Regarding Hull insurance you are technically right on a statistical way, but not always you are in the right place in what regards statistics and you can lose your boat, even if statistically that is very rare.

I would not have 200 000 euros to replace my boat and but a similar one on the same condition and the same equipment, not without selling property I don't want to sell. If I had an older boat that could be replaced by 50 000 euros, it seems your suggestion makes sense but if you look at numbers you would see that on older boats the insurance, even 3rd party is proportionally much more expensive and that the additional for hull insurance on that case would not be that big.
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Old 26-04-2017, 14:03   #207
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Re: Licenses for Americans sailing in Europe

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Originally Posted by De.windhoos View Post
I only remember the Med. From the top of my head, Croatia, Greece, Spain, Portugal, Turkey.

The reason I dont remember is because I feel that having, at minimum a yacht liability, insurance is a must. So when checking into a country proof of insurance is part of the standard document set I show.
One thing it should be known is that in Greece they demand more coverage in what regards anti pollution coverage than other countries. They changed the law some few years back and you should specify to your company that you are going to sail in Greece to see if the coverage is accordingly. Greek authorities specifically look for that on the insurance papers. It should be there written in Greek, the right amount that is covered.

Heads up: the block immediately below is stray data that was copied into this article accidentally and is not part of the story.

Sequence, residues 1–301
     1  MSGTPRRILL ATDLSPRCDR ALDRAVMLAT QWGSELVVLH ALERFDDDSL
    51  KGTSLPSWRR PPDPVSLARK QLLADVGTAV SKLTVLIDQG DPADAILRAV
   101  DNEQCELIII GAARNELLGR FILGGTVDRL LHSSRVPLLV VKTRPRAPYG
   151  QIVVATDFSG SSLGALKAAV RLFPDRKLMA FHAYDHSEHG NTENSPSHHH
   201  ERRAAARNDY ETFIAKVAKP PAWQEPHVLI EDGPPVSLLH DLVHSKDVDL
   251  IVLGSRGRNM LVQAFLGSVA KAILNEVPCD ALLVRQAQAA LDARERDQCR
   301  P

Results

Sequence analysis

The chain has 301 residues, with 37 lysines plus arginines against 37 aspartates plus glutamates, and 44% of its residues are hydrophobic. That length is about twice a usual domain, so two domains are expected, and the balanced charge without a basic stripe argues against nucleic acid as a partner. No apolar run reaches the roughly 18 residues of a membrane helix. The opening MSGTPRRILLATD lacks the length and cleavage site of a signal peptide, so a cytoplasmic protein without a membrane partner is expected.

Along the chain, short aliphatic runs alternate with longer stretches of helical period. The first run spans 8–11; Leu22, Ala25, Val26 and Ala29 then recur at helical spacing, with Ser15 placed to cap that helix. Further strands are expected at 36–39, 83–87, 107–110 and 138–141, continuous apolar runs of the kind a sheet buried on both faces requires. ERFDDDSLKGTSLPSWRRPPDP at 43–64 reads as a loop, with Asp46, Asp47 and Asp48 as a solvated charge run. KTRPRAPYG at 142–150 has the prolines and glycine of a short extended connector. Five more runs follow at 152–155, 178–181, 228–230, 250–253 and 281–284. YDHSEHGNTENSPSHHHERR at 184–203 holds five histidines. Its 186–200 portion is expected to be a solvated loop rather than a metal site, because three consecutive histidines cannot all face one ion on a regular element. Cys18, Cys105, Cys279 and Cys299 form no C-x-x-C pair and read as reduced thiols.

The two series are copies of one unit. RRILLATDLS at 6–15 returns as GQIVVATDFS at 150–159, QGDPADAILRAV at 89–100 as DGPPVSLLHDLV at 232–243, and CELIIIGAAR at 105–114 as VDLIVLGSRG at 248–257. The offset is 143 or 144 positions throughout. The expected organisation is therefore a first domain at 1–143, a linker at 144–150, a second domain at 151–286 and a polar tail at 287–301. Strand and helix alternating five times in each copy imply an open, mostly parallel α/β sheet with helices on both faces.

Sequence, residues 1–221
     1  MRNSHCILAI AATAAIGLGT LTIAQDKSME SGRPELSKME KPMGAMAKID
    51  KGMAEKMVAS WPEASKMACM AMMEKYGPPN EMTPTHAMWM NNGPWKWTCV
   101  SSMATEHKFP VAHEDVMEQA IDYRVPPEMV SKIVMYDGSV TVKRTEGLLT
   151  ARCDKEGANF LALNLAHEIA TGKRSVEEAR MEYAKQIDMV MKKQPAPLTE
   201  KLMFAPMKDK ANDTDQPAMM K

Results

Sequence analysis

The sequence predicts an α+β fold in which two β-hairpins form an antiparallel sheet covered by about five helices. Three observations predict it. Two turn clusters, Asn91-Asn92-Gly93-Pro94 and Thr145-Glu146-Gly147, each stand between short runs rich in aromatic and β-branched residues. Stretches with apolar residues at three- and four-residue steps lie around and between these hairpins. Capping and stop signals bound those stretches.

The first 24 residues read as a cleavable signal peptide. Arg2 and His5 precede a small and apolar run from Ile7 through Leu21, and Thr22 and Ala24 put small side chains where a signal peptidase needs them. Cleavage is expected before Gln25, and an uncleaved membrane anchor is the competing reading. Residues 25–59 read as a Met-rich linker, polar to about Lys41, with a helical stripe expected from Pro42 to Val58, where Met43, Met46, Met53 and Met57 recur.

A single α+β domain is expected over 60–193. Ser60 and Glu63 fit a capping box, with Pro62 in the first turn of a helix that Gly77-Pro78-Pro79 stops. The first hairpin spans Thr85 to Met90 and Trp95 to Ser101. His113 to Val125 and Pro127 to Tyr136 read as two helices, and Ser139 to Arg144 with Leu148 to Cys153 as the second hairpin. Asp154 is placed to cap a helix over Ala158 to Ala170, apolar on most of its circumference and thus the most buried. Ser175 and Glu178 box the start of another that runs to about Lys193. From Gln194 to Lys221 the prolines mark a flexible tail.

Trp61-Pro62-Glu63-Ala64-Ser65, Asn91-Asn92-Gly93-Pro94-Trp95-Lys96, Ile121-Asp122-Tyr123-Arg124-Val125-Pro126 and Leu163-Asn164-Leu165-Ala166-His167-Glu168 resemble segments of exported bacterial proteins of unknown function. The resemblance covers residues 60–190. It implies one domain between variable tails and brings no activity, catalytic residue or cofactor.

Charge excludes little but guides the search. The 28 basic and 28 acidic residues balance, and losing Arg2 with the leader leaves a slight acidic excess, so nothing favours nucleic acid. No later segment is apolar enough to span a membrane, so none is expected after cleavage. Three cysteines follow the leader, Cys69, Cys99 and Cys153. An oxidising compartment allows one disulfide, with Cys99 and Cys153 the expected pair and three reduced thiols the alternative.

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Old 26-04-2017, 14:14   #208
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pirate Re: Licenses for Americans sailing in Europe

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What you write, does not contradict, what I wrote.

Except that you don't describe all of the duties of the vessel being overtaken.

You are obligated to keep an effective watch.

You are obligated hold course and speed only until you have reason to believe that the overtaking vessel is not taking adequate avoiding action.

You are obligated to take avoiding action yourself when it is evident that action by the overtaking vessel alone will not resolve the situation.